Of course, in spite of the experts’ insistence they are “cutting-edge” innovators, they’re often reluctant to abandon ideas they’ve long embraced and propounded—even if those ideas don’t work. So twenty-something years after its initial appearance, the specter of bestowing self-esteem as a motivator still haunts the classroom. But thanks to books and articles I’ve read lately, I sense the ghost can soon be laid to its final rest.
I’m sure we all have memories of the fire-breathing, draconic teacher who managed the classroom through heavy-handed intimidation. I’m certainly not advocating that method. But, surely, somewhere between tyrannical teaching and feeding undeserving egos, a middle road exists.
I’m not a psychologist (never even played one on TV), but I’ve read a lot on this subject, trying to make sense of the nonsensical. Two works on which I’m drawing to write this post are the book Generation Me, by Jean M. Twenge, Ph. D and an article in the Wall Street Journal by Sue Shellenbarger, dated February 27, 2013. Based on my personal experience as a parent and teacher and based on what I’ve read, the following suggestions are some of my ideas for a balanced approach to instilling confidence, not hyper-inflated egotism, in children.
First and foremost, realize the operative word in self-esteem is self. It should be earned, not bestowed. High self-esteem is not a cause, a means of producing better results. It’s an effect, a result of having worked hard to achieve an admirable goal. I’m not saying children actually have to achieve that goal. They just need to know they did their best in order to take satisfaction in their effort. And kids are smart. They know when they don’t deserve that trophy, gold star, high grade, praise, etc.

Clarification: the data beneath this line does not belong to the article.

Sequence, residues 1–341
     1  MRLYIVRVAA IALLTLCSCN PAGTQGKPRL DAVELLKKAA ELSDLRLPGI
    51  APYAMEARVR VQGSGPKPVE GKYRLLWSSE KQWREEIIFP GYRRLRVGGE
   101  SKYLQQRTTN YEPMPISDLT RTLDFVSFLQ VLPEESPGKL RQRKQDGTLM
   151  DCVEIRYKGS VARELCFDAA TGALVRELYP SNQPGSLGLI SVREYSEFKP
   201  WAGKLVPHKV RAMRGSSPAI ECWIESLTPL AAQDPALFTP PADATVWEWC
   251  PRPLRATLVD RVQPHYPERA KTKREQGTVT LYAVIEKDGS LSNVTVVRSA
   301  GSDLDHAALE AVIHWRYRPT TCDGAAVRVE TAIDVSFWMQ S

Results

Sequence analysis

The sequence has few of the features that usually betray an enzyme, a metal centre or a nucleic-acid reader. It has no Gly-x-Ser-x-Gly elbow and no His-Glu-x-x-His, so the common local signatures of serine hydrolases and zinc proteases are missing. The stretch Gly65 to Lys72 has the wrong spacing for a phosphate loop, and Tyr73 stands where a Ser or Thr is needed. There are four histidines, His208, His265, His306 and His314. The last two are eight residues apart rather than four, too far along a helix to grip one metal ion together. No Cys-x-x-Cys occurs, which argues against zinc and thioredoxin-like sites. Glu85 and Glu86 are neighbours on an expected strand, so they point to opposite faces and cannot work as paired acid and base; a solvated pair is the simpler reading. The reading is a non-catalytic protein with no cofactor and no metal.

Allow children to feel bad about themselves sometimes. If they’ve been mean or hurtful or dishonest, they probably should feel bad. It doesn’t mean they can never be forgiven or have to carry guilt for the remainder of their lives. And it doesn’t mean we withhold love from them. But that uncomfortable feeling can be a goad to correct a misdeed or a deterrent to future bad behavior. Several years ago I read that only the criminally insane have continually high levels of self-esteem.
Recognize that no one is good at everything. When we suggest that all children have done all things equally well by handing out blanket rewards, we diminish the special skills or talents of some and discourage hard work and perseverance. (Before you start objecting, read my next point.)
Acknowledge that everyone does something well. The “Good Sportsmanship Trophy” has often been the butt of jokes. But you know what? Over the long haul, the ability to encourage others or handle disappointment with grace or perspective might well be a more valuable life-skill than throwing a mean curve-ball. There’s nothing wrong with acknowledging skills such as those—as long as you don’t give a good sportsmanship trophy to everyone on the team.
Do give encouragement. There is a difference between giving encouragement and doling out self-esteem. Encouragement develops self-control and self-discipline—two assets that will serve a child exceedingly better than a trumped-up sense of entitlement.
I’ve already overshot my word limit on this post by about two hundred words, but I can’t close without making this final point. If my suggestions sound uncaring or mean-spirited, consider the full title of Twenge’s book: Generation Me: Why Today’s Young Americans Are More Confident, Assertive, Entitled—and More Miserable Than Ever Before.